What Is Debt-to-Income Ratio, and How Does It Affect Your Ability To Get a Loan?
Though your debt-to-income ratio does not factor into your credit score, it does influence lenders’ decisions when determining whether to qualify you for a loan. Your debt-to-income ratio compares how much you owe each month to how much you make. Expressed as a percentage, your DTI tells lenders whether you can really afford a loan and if you are in a financial position to repay it.
Calculating Your Debt-to-Income Ratio
Calculating your debt-to-income ratio is fairly
straightforward and can be done in two steps. The first involves adding up all
of your monthly debts. Those include the following payments:
• Mortgage or rent
• Auto, personal and student loans
• Minimum monthly credit card bills
• Child support and alimony obligations
• Any other debt payment that may show up on your
Next, divide the sum of your monthly debt obligations by
your total gross monthly income. Convert the number you get into a percentage.
That is your DTI.
Bear in mind that your typical non-fixed monthly expenses do
not factor into your DTI. Those include grocery bills, health care expenses,
insurance premiums, utility bills, daycare expenses, etc. When deciding whether
you can afford a loan or mortgage, a lender will not consider these costs.
However, that does not mean that you should not consider them yourself. You may
qualify for a $350,000 mortgage, but would you be able to maintain your current
lifestyle and also afford your monthly mortgage payment on your current income?
Front-End vs. Back
Unfortunately, when applying for a mortgage, an additional
layer of complexity gets added to the equation, as lenders consider not one but
two types of DTI:
Ratio: This ratio, also called the housing ratio, tells lenders what
percentage of your gross monthly income would go to your housing expenses,
including your mortgage payment, homeowners’ insurance, property taxes and, if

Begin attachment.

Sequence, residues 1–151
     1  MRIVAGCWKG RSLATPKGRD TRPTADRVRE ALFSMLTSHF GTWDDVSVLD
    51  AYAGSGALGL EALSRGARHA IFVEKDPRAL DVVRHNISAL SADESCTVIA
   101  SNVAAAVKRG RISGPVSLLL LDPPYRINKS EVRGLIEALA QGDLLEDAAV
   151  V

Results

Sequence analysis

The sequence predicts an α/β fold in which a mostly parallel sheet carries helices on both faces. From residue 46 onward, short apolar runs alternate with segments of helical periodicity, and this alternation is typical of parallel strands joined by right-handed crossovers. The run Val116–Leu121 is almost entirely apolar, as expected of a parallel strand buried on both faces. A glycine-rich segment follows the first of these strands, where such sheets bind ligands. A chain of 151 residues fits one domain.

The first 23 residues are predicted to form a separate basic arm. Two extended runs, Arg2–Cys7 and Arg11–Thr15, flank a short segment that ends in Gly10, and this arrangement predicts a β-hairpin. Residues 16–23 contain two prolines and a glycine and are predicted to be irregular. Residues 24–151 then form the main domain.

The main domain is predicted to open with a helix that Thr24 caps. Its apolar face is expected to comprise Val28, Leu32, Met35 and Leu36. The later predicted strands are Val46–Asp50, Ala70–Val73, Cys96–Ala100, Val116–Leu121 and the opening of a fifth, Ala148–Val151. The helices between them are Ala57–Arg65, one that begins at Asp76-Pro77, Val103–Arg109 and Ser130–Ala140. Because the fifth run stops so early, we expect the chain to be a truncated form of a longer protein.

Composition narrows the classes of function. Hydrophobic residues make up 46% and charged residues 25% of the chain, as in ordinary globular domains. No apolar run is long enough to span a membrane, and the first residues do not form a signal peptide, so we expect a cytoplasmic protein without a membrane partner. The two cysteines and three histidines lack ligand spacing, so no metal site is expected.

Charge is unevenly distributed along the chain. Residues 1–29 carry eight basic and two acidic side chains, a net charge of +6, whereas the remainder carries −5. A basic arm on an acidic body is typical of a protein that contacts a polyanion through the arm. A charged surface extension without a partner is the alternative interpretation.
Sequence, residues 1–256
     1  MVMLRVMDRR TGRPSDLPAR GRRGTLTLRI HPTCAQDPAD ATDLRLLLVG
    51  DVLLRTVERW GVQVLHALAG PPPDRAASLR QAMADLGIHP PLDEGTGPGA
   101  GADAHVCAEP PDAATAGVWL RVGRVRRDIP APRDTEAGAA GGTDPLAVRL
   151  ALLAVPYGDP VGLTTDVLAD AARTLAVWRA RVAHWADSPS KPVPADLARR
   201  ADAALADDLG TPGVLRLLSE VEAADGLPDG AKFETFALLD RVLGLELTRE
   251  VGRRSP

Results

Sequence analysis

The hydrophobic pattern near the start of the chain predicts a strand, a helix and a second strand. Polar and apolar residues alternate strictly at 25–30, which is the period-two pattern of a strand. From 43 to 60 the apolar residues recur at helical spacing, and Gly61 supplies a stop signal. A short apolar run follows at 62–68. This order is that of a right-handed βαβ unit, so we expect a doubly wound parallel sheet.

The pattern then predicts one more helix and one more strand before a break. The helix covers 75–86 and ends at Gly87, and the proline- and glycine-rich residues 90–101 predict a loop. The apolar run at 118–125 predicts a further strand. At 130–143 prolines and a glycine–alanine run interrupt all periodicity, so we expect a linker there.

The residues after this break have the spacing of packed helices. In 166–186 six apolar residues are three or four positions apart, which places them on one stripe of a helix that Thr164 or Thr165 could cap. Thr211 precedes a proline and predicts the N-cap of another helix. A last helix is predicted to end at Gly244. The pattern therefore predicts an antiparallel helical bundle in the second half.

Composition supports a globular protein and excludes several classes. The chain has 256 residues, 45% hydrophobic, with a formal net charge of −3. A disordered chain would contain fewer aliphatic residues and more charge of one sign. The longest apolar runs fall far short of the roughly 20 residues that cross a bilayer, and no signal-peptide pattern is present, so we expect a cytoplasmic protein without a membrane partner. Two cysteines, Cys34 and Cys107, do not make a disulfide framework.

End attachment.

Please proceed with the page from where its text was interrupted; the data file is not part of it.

applicable, homeowners’ association fees.
Ratio: The back-end ratio tells lenders what portion of your income would
be needed to cover your existing financial obligations in addition to your
mortgage and housing payments. Existing financial obligations may include auto
loans, childcare expenses, student loan payments, credit card bills and other
Though DTI preferences vary from lender to lender, most
prefer for a front-end debt-to-income ratio to be at or below 28%. The back-end
ratio, including all expenses, should not exceed 36%. However, most lenders
don’t base their final decisions on DTI alone. Many consider DTI in addition to
an applicant’s credit score, down payment, savings and assets. Some may accept
a higher debt-to-income ratio if the amount a person wants to borrow is
Though you should strive to keep your DTI at or below 36%,
lenders who offer conventional loans backed by Freddie Mac and Fannie Mae now
accept DTI ratios as high as 50%. However, a DTI that high can significantly
limit your lending options and result in higher interest rates.
DTI and Your Credit
Your debt-to-income ratio does not directly factor into your
credit score. However, the amount of debt you have is directly related to other
factors that influence your credit score, including your credit utilization
rate. This rate compares the amount of revolving debt you have with how much
you have available. A high DTI likely means you have a high credit utilization
ratio, which could negatively impact your score.
How To Improve Your
Your debt-to-income ratio may not directly affect your
credit score, but it can negatively impact how creditors view you. For this
latter reason, you should work on attaining a low DTI, especially if you hope
to buy a home soon. Some steps you can take to begin reducing your
debt-to-income ratio are as follows:
• Reduce your total debt by paying down credit
card balances, other forms of revolving debt and loans.
• Avoid creating new debt for yourself. If you
can’t afford to pay for something in cash, you can’t afford it.
• Make your debt more affordable by calling your
lenders and asking them to adjust your interest rates, consolidating your debt
via a low-interest credit card or taking out a personal loan.
• Try to earn more each month, either through a
side job or part-time gig or asking for a raise.
• Review your budget to look for areas where you
can save. Then, use that money to pay down your debt faster.
Reducing your debt-to-income ratio basically involves paying
down your debt. If the amount you owe each month exceeds what you make, it may
be time to seriously consider cutting back on your expenses, taking up a side
job or both — at least for the time being.
How Your DTI May
Affect Your Ability To Get a Loan
When you apply for a large loan such as a mortgage loan,
lenders look at your credit score, your credit history and your debt-to-income
ratio. They use this aggregate information to gain a better understanding of
the type of borrower you are and your ability to repay. For this reason, though
your DTI doesn’t directly affect your credit score, it is something you should
work to reduce. If you need financial assistance doing so, shop for a low-interest personal loan today.